“Could you imagine how places operate that do not have these systems and protocols to follow?” he queried. “It is frightening to think that there are places without protocols. We have protocols to follow for every single thing that we do, and we still have hiccups...mistakes, because we have human input.”
However, the advantage of the protocols, he said, “is that we could pick the hiccups before or after tests are completed.”
In spite of a lack of response, Ramsaran said, “I haven’t given up. I think we have something good. I don’t think they are ready as yet. Next 20 years or so they will know it is the way to go.”
And in terms of those who has recognised the accreditation, Ramsaran said, that last year he got a telephone call from a Professor Mahase Gupta of India congratulating him on the achievement of a Third World country attaining international accreditation.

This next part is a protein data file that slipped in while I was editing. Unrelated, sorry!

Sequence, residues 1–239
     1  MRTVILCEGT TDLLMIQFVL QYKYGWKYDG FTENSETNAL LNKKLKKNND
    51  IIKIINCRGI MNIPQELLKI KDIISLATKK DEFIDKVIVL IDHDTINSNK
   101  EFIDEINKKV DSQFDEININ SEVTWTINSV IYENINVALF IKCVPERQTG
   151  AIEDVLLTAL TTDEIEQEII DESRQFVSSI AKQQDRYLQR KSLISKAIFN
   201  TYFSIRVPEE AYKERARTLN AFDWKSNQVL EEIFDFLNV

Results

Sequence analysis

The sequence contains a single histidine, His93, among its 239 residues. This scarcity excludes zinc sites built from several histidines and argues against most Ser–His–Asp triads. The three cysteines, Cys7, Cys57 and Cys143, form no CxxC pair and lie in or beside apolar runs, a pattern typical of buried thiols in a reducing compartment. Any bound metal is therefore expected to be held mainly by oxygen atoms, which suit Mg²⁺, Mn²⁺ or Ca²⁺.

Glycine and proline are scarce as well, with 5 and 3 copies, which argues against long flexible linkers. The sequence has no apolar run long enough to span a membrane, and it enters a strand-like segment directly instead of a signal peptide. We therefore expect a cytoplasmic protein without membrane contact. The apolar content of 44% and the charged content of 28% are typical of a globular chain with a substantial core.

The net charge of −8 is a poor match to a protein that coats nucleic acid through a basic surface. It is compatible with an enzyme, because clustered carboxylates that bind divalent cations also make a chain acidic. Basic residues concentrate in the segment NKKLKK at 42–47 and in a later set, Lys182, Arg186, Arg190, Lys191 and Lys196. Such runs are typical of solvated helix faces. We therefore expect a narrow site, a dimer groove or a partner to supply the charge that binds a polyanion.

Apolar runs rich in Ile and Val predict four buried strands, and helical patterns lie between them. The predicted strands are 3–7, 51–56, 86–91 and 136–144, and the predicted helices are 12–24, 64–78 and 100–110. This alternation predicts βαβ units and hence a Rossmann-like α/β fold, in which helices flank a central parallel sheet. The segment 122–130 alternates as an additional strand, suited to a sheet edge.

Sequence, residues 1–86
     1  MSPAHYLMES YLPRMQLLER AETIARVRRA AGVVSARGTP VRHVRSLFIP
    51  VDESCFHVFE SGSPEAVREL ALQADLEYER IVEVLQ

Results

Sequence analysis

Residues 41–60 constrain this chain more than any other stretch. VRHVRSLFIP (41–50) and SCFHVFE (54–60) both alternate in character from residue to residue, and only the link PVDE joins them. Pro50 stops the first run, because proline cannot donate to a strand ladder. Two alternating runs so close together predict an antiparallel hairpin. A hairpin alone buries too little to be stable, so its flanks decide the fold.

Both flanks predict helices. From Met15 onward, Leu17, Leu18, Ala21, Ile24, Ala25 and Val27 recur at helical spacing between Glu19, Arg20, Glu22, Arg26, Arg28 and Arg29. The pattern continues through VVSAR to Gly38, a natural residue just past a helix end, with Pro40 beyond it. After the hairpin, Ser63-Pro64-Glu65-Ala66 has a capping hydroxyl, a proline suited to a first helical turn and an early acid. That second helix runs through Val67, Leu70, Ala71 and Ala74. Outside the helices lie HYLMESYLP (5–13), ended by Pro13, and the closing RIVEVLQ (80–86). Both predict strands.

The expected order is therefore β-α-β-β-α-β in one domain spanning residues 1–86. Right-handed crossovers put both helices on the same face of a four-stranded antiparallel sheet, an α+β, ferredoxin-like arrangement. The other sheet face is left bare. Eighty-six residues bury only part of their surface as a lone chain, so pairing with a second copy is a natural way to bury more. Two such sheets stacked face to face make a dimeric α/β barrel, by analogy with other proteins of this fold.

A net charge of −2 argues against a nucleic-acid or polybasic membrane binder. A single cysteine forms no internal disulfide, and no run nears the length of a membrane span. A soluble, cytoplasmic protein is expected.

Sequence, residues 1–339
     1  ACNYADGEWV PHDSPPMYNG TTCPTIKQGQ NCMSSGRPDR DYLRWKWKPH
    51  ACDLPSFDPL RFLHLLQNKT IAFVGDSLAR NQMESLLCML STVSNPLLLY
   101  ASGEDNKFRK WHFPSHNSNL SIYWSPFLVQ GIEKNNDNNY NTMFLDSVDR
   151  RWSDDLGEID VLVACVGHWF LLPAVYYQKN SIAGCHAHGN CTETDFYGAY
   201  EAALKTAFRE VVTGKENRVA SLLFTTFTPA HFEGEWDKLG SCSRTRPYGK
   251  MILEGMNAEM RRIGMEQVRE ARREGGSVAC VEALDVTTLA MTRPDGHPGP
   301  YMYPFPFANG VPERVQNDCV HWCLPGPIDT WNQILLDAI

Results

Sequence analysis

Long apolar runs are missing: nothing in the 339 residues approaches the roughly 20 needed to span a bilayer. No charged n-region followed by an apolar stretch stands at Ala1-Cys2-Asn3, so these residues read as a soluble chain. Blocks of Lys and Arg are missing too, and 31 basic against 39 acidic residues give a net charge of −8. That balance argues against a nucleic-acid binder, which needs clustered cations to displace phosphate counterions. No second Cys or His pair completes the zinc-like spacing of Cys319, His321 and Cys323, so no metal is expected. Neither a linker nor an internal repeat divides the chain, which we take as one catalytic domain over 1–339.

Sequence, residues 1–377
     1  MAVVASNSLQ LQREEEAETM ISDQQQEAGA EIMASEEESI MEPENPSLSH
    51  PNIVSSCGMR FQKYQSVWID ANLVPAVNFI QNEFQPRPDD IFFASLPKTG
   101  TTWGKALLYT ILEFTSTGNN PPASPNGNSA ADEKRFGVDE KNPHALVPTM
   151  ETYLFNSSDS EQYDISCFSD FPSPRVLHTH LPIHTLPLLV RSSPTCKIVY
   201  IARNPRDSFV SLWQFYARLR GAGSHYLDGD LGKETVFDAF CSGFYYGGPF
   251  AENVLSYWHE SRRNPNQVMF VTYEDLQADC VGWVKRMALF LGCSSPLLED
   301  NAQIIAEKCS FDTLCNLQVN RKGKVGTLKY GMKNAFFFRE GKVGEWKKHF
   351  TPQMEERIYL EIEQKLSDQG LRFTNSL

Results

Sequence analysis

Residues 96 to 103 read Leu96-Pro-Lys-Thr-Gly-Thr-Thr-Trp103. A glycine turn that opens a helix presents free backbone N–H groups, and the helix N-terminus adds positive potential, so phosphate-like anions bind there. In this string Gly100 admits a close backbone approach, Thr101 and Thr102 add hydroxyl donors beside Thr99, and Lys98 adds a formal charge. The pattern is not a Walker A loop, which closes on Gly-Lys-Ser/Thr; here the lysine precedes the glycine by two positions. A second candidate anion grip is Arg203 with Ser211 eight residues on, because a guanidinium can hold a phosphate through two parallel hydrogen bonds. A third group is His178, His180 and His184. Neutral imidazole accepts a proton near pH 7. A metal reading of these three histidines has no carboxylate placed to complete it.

“He was amazed. He thought it was something the rest of the world should know how a Third World country could do it and others in the First World and Second World were struggling to achieve it.”
Feeling slighted by the lack of recognition locally on the achievement, Ramsaran said that apart from then Prime Minister Patrick Manning who sent him a congratulatory letter, he said that no one from the Ministry of Health or the TTBS, or others in authority, have offered him congratulations.